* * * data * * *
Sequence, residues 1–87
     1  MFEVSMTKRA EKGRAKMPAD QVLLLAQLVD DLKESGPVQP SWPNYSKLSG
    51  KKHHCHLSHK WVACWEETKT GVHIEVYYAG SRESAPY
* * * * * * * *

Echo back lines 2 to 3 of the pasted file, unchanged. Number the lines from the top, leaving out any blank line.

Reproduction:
     1  MFEVSMTKRA EKGRAKMPAD QVLLLAQLVD DLKESGPVQP SWPNYSKLSG
    51  KKHHCHLSHK WVACWEETKT GVHIEVYYAG SRESAPY